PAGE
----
This Victorian house just off busy King’s Road has been given a makeover by interior design Shalini Misra. The London home is a four-storey period residence featuring a mock Tudor frontage and set within a conservation area. And while it may feel like the ‘typical' London brick period home from the outside, inside it is full of surprises, mixing craft, art and bespoke design details.
Misra reworked the house's layout entirely to bring it up to 21st-century standards and to fit the busy family of four's daily life. Her strategy, she explains, was ‘a fluid layout with a feeling of space that is versatile to adapt into pockets of private space for concentration and calm'. Balancing tasteful colours with a sense of warm cocooning is the creator's forte; Misra is known for designs that bridge styles and periods, masterfully coming together in a coherent whole.
Enlarging rooms and cleverly hiding services was key to making this a comfortable yet neat home that focuses on showcasing objects and art, as well as accommodating the residents' needs. ‘Our clients’ vision for their home included an open-plan ground floor for the reception and dining area with floor and wall space for art and sculptures, and space to entertain,' says Misra.
The designer obliged and now a new basement is dedicated to a family area (with sliding doors separating it from the kitchen and utility). An outdoor area on the same level brings in plenty of natural light.
The existing staircase was removed and replaced with one that not only serves its functional purpose but is a sculptural feature in itself, inspired by Gio Ponti and crafted by expert artisans – Misra has an extensive network of craftspeople that regularly collaborate with her on customising interiors. ‘The stair's wall links the four floors with bespoke, hand-finished plasterwork in a pattern of linear and circular shapes inspired by Ben Nicholson’s relief works from the 1930s,' says the designer.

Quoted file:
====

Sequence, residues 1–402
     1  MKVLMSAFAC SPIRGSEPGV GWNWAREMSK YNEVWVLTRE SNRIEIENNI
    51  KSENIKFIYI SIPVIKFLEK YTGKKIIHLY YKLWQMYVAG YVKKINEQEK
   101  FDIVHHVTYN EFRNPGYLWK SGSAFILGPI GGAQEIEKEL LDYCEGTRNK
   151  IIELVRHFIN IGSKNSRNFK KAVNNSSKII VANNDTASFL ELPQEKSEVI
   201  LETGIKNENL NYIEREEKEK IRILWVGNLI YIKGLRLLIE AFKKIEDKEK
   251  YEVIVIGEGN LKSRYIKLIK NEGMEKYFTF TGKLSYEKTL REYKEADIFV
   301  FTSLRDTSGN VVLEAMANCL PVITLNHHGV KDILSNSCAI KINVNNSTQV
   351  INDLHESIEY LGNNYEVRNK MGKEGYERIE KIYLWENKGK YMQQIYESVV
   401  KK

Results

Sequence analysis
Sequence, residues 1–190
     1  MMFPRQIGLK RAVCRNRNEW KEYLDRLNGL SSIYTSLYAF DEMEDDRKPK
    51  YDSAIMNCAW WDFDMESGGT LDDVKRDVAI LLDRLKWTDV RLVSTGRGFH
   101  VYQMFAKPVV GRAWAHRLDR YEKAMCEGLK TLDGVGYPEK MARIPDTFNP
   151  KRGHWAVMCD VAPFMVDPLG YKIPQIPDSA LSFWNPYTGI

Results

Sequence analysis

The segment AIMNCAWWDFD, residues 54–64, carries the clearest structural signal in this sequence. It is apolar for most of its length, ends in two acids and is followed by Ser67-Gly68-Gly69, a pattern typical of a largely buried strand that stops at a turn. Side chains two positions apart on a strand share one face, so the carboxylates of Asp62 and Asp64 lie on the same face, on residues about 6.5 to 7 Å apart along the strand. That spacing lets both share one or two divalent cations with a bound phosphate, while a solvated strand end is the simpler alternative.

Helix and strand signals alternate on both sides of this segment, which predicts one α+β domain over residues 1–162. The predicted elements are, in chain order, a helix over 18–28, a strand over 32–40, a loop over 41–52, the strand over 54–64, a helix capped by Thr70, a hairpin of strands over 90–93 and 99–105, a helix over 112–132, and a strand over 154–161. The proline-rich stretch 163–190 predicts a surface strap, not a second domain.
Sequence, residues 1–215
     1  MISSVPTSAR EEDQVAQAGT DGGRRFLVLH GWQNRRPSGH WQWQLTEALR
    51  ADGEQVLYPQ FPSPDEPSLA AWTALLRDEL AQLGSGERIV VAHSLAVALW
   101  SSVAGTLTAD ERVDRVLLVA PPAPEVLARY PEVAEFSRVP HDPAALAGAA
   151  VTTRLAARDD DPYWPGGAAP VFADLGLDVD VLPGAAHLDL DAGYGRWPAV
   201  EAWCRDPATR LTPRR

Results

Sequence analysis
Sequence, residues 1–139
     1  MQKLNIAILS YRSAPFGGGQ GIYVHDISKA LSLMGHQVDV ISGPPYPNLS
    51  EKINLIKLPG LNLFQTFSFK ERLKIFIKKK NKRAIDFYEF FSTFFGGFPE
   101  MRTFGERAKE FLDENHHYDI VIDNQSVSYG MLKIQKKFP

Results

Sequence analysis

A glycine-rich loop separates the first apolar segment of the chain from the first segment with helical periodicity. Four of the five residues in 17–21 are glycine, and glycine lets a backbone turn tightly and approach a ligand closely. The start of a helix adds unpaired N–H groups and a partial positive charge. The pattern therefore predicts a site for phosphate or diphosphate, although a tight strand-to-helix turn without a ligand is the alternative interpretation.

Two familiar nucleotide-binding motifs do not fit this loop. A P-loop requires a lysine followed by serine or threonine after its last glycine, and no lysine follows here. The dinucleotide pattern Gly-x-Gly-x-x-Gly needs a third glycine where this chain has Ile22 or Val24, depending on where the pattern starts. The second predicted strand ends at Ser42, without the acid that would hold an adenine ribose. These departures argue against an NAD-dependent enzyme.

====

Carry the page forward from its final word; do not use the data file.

The clients' impressive art collection was woven into the home’s interiors at every turn. It is complemented by bespoke fittings that add texture throughout, and quality furnishings, including sofas by Vladimir Kagan, a chandelier by Carpenters Workshop Gallery and a Martino Gamper-designed table. Meanwhile, the basement ceiling is clad in a stamped tin-style wallpaper, creating an intruiging, unusual centrepiece that offsets the colourful pieces below.
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Ellie Stathaki is the Architecture Editor at Wallpaper*. She trained as an architect at the Aristotle University of Thessaloniki in Greece and studied architectural history at the Bartlett in London. Now an established journalist, she has been a member of the Wallpaper* team since 2006, visiting buildings across the globe and interviewing leading architects such as Tadao Ando and Rem Koolhaas. Ellie has also taken part in judging panels, moderated events, curated shows and contributed in books, such as The Contemporary House (Thames & Hudson, 2018) and Glenn Sestig Architecture Diary (2020).
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